Initiation of the project

Our goal was to produce a system as simple as possible giving patterns as complex as possible. We therefore decided to use only two quorum sensing systems - and two fluorescent proteins - while testing various network geometries and rule sets. We tried two different fluidic networks, determining the patterns formed by all possible rule-sets. We mean by "rule-set" the law determining the output response of the system to a given input.

The first fluidic network, with simple connections, gave two simple patterns, like the "barcode" one.

Connection2.png 5050.jpg

The second network, with more complex connectivity, gave more interesting patterns like the "triangles" one.

Connection1b.png Fullpatches 1010.jpg Triangles.jpg

We choose to keep the "triangles" pattern, and to try to implement its rule set, given in the following table. You can see the desired expression level of each fluorescent protein on the graph below.

Input Output

The rules in this table are what we tried to implement in our system. When the cell receives a given input, it will respond by producing the correct output.


Project Details

General scheme :

The genetic circuit which will be implemented in the cells is the following :



This genetic circuit must give this following pattern :



Our system introduces a new plasmid in a pre-existing system ("A synthetic multicellular system for programmed pattern formation", from Ron Weiss et al., Nature, vol.434, April 2005) which detects different levels of the luxI quorum sensing molecule and gives a specific response according to the detected or observed concentration . As shown on the previous genetic circuit, we will clone the gene coding for the RhlI molecule at the 3' end of the GFP gene, with C4-HSL being our second quorum sensing molecule used. In addition to the two Ron Weiss system plasmids, we have to build an additional plasmid for the second part of the proposed genetic circuit. We will add an extra copy of the lacIm gene from the Ron Weiss system so that we can test it independently from the latter system.

Here is the scheme of the plasmid with the Registry of Standard Parts references for each Biobrick that is used.



The response of our network depends on the incoming signal. Four cases can be found :

1) GGG

If there is green but no red, the AHLRhl will bind to the RhlR to allow transcription of lacIm . This LacIm will inhibit transcription of both the GFP and the tetR genes. This latter inhibition then allows the transcription of the RFP and luxI genes.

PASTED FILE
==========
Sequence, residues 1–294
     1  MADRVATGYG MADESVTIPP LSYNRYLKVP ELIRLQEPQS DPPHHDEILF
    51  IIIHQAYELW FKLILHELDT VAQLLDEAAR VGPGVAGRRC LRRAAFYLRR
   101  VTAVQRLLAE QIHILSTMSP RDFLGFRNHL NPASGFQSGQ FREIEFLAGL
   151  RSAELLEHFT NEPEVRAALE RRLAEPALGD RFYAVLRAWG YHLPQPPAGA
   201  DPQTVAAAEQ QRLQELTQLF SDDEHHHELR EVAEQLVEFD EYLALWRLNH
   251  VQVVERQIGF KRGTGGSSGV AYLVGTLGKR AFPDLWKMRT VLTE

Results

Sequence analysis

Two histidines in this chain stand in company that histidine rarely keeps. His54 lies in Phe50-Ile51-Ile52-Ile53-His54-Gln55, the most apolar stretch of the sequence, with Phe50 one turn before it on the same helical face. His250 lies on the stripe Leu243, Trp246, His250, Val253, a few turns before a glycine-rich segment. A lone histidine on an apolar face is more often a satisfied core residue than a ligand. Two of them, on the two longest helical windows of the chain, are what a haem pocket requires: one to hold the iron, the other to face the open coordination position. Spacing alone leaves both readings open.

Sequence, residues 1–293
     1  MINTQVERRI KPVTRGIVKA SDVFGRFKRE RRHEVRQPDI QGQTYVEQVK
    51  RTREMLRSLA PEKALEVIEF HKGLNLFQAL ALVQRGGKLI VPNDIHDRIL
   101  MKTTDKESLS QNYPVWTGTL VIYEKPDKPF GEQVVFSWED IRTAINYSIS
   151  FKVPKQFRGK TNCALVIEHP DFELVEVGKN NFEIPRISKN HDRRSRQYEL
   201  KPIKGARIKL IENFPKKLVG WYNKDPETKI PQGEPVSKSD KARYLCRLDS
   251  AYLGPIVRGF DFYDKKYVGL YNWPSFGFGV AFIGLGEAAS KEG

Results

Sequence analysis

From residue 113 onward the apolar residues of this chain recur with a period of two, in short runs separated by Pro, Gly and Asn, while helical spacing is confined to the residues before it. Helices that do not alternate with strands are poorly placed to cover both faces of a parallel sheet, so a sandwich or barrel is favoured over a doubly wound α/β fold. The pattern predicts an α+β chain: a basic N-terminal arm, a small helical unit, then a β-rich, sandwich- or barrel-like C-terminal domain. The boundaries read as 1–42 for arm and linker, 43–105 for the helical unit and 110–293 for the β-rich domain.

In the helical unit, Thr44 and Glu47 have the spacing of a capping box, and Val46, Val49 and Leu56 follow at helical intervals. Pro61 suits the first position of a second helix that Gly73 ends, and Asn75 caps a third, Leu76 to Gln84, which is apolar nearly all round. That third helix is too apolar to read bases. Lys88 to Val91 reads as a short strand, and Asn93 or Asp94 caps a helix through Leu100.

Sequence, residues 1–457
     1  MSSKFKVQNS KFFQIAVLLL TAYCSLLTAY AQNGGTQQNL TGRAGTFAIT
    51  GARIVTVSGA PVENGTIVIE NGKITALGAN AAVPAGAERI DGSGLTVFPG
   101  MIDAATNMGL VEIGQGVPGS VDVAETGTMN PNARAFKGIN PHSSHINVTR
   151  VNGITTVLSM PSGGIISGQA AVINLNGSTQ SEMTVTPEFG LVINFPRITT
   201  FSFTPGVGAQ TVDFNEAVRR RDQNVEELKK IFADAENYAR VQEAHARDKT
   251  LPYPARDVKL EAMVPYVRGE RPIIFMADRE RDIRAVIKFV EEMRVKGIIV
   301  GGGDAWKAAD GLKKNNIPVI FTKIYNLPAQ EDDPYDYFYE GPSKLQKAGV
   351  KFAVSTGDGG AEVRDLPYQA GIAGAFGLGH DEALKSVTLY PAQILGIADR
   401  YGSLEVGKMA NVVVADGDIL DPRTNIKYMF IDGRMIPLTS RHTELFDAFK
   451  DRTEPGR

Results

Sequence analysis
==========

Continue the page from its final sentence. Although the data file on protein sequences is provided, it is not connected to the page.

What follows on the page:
2) RRR

If there is a high level of red and no green, this means that there is a lot of AHLLux which will bind to the LuxR and allow the transcription of lacIm and cI. cI will then inhibit lacI, but LacIm will inhibit on the one hand the GFP (leading to no GFP production) and on the other hand tetR. Thus, as no TetR is produced, RFP will be produced.


3) GGR

When both AHLRhl and AHLLux are present, we need to consider the influence of each molecule. The input of a green state means that AHLRhl will also be present, which will bind to the RhlR allowing the transcription of lacIm. This one will inhibit GFP and also the tetR, leading to the production of RFP. The low input of the red state means that there is also a low level of AHLLux. This AHLLux will bind to LuxR to produce cI and inhibit lacI. But, LacIm initiated by the rhlR promoter will remain in the cell and repress GFP and tetR, therefore leading to the production of RFP and LuxI.


4) GRR

When both AHLRhl and AHLLux are present, we need to consider once more the influence of each molecule. Here the green input is weak and AHLRhl concentration is low. Therefore, the AHLRhl concentration will not be enough to express LacIm. The medium input of red means that AHLLux is present in a concentration which is within the range of the band-pass. In that case, AHLLux will bind to LuxR to produce cI but will not activate lacIm. The cI will inhibit lacI, leading to the production of GFP and TetR. The latter will finally repress the RFP leading to a final green state with production of RhlI.



In order to complete our project, we followed mainly three courses of action. The first focuses on the network design and the mathematical modeling; it aims to draw the principles of information processing by individual cells and the cell population, with ODEs used to model the reaction of the system. Details on this part are available in the corresponding page of the Wiki : Modeling. This part was done with the help of professor Felix Naef.

The second part of the project was of course the concrete generation of the required plasmids in the laboratory, which was executed in the facilities provided by the Laboratory of Systems Biology and Genetics ( of Prof. Bart Deplancke. Using Biobricks and material obtained from the Ron Weiss group, we followed a cloning scheme to obtain our genetic circuit in E. coli.